HomeGroupsTalkZeitgeist
This site uses cookies to deliver our services, improve performance, for analytics, and (if not signed in) for advertising. By using LibraryThing you acknowledge that you have read and understand our Terms of Service and Privacy Policy. Your use of the site and services is subject to these policies and terms.
Hide this

Results from Google Books

Click on a thumbnail to go to Google Books.

Schools and Public Health: Past, Present,…
Loading...

Schools and Public Health: Past, Present, Future (Critical Education…

by Michael Gard

MembersReviewsPopularityAverage ratingConversations
2None2,551,640NoneNone
Recently added bysjcmce

None.

None
Loading...

Sign up for LibraryThing to find out whether you'll like this book.

No current Talk conversations about this book.

No reviews
no reviews | add a review
You must log in to edit Common Knowledge data.
For more help see the Common Knowledge help page.
Series (with order)
Canonical title
Original title
Alternative titles
Original publication date
People/Characters
Important places
Important events
Related movies
Awards and honors
Epigraph
Dedication
First words
Quotations
Last words
Disambiguation notice
Publisher's editors
Blurbers
Publisher series
Original language

References to this work on external resources.

Wikipedia in English (1)

Book description
Haiku summary

Amazon.com Product Description (ISBN 0739172581, Hardcover)

Schools and Public Health is a meditation on the past, present, and future of the relationship between public health and American public schools. Gard and Pluim begin by developing a historical account of the way schools have been used in the public health policy arena in America. They then look in detail at more contemporary examples of school-based public health policies and initiatives in order to come to a judgment about whether and to what extent it makes sense to use schools in this way. With this is as the foundation, the book then offers answers to the question of why schools have so readily been drawn into public health policy formulations. First, seeing schools as a kind of ‘miracle factory’ is a long standing habit of mind that discourages careful consideration of alternative public health strategies. Second, schools have been implicated in public health policy in strategic ways by actors often with unstated political, cultural, ideological, and financial motivations. Finally, the authors call for a more sophisticated approach to public health policy in schools and suggest some criteria for judging the potential efficacy of school-based interventions. In short, the potential effectiveness of proposed interventions needs to be assessed not only against existing historical evidence, but also against the competing roles society expects schools to play and the working-life realities for those charged with implementing public health policies in schools.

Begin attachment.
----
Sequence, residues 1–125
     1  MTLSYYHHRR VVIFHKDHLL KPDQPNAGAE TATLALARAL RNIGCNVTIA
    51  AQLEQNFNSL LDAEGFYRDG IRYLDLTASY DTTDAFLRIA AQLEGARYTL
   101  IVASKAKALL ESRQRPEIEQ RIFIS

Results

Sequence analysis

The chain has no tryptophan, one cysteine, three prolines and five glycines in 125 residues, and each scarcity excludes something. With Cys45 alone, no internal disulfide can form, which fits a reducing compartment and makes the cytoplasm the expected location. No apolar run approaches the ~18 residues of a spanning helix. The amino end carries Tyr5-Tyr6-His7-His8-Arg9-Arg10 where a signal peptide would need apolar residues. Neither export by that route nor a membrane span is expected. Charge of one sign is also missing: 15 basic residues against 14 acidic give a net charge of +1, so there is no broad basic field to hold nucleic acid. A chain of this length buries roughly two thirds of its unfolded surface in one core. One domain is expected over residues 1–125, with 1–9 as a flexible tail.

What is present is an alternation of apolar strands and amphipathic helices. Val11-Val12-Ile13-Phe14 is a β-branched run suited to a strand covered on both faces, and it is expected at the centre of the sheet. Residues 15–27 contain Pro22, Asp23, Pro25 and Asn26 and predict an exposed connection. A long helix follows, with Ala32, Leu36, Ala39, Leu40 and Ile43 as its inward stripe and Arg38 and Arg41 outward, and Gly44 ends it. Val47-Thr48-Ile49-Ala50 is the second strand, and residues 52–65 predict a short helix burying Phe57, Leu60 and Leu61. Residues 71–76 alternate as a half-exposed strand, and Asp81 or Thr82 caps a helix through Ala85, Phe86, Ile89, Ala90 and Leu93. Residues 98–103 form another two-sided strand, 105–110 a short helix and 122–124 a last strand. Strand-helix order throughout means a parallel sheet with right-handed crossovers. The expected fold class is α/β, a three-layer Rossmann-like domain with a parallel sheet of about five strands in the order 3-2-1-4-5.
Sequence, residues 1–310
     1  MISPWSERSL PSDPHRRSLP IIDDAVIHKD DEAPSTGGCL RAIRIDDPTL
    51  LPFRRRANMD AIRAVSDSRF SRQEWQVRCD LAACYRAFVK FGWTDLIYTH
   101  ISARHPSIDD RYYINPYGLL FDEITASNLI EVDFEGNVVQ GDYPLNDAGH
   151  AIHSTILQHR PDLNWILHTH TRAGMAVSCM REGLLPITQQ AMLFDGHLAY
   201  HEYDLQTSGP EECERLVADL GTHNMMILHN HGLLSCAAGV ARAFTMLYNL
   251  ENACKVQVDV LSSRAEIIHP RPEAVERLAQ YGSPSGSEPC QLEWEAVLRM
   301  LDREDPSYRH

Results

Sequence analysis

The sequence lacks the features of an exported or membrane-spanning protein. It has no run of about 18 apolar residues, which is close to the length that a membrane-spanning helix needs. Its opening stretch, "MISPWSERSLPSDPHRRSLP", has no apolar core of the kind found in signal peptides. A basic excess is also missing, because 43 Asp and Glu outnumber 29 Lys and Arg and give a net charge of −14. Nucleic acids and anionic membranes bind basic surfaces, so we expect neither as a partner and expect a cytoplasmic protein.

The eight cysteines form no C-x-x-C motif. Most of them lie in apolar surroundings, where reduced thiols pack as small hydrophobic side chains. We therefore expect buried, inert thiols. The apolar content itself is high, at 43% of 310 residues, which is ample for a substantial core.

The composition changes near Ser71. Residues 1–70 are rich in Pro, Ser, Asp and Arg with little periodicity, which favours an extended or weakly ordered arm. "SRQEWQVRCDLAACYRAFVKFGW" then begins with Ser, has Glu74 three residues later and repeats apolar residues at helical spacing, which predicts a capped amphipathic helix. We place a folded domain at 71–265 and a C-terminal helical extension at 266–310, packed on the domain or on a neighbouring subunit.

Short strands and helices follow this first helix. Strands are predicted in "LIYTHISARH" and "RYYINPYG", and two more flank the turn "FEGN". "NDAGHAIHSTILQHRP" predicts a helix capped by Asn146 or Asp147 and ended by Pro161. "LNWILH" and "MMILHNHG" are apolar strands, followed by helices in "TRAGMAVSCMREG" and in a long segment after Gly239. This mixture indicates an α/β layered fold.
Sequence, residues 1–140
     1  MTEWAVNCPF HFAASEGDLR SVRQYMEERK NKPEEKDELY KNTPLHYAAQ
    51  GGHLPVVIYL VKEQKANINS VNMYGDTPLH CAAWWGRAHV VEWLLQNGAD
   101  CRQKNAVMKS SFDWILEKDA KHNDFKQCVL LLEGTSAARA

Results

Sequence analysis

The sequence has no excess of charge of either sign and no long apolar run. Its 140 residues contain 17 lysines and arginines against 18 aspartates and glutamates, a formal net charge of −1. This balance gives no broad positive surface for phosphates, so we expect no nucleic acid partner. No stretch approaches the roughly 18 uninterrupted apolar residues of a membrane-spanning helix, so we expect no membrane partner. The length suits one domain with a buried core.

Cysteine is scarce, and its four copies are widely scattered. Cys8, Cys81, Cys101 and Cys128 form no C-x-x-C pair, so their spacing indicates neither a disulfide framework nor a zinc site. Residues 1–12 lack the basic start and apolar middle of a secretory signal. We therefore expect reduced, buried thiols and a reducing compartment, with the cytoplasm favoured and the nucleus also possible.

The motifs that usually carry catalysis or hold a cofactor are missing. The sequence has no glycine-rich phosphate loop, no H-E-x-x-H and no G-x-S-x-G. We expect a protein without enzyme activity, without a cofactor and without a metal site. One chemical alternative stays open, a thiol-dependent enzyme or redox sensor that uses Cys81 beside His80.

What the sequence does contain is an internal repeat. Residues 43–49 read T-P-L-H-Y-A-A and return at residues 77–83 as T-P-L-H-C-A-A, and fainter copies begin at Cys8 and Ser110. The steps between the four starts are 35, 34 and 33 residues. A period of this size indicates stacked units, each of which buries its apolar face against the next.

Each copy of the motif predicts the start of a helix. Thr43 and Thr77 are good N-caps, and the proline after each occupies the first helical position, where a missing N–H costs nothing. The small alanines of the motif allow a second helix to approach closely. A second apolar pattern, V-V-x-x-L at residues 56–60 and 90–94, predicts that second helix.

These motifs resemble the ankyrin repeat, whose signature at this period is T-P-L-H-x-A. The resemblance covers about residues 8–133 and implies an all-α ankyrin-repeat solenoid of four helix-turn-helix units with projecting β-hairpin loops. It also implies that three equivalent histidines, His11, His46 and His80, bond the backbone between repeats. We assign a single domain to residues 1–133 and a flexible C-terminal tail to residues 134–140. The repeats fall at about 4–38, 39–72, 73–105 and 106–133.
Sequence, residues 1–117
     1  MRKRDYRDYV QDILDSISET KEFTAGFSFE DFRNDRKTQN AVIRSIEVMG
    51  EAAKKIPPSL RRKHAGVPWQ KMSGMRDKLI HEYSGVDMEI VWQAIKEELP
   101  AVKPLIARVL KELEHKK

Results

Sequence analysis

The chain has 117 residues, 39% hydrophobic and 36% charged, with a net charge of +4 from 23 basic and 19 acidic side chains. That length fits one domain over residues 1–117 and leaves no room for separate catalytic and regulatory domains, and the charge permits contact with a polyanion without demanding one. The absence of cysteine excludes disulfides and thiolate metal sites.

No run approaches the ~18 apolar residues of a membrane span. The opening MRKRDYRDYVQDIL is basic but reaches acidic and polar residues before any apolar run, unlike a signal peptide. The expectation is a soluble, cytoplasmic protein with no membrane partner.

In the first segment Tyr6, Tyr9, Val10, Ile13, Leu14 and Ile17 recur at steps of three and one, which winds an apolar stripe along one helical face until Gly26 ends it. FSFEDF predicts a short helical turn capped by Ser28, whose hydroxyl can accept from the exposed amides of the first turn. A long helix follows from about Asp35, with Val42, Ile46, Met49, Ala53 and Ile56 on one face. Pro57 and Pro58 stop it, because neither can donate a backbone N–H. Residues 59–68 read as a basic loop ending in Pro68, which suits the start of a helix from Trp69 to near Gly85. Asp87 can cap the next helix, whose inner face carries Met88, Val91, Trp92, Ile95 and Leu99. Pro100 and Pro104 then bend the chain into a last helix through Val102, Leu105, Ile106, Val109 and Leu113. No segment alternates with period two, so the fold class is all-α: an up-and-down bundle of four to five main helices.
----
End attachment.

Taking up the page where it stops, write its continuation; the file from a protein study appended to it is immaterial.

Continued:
(retrieved from Amazon Sat, 18 Jul 2015 02:18:34 -0400)

Schools and Public Health is a meditation on the past, present, and future of the relationship between public health and American public schools. Gard and Pluim begin by developing a historical account of the way schools have been used in the public health policy arena in America. They then look in detail at more contemporary examples of school-based public health policies and initiatives in order to come to a judgment about whether and to what extent it makes sense to use schools in this way. With this is as the foundation, the book then offers answers to the question of why schools have so readily been drawn into public health policy formulations. First, seeing schools as a kind of ?miracle factory? is a long standing habit of mind that discourages careful consideration of alternative public health strategies. Second, schools have been implicated in public health policy in strategic ways by actors often with unstated political, cultural, ideological, and financial motivations. Finally, the authors call for a more sophisticated approach to public health policy in schools and suggest some criteria for judging the potential efficacy of school-based interventions. In short, the potential effectiveness of proposed interventions needs to be assessed not only against existing historical evidence, but also against the competing roles society expects schools to play and the working-life realities for those charged with implementing public health policies in schools.… (more)

Quick Links

Popular covers

Rating

Average: No ratings.

Is this you?

Become a LibraryThing Author.

 

About | Contact | Privacy/Terms | Help/FAQs | Blog | Store | APIs | TinyCat | Legacy Libraries | Early Reviewers | Common Knowledge | 126,534,850 books! | Top bar: Always visible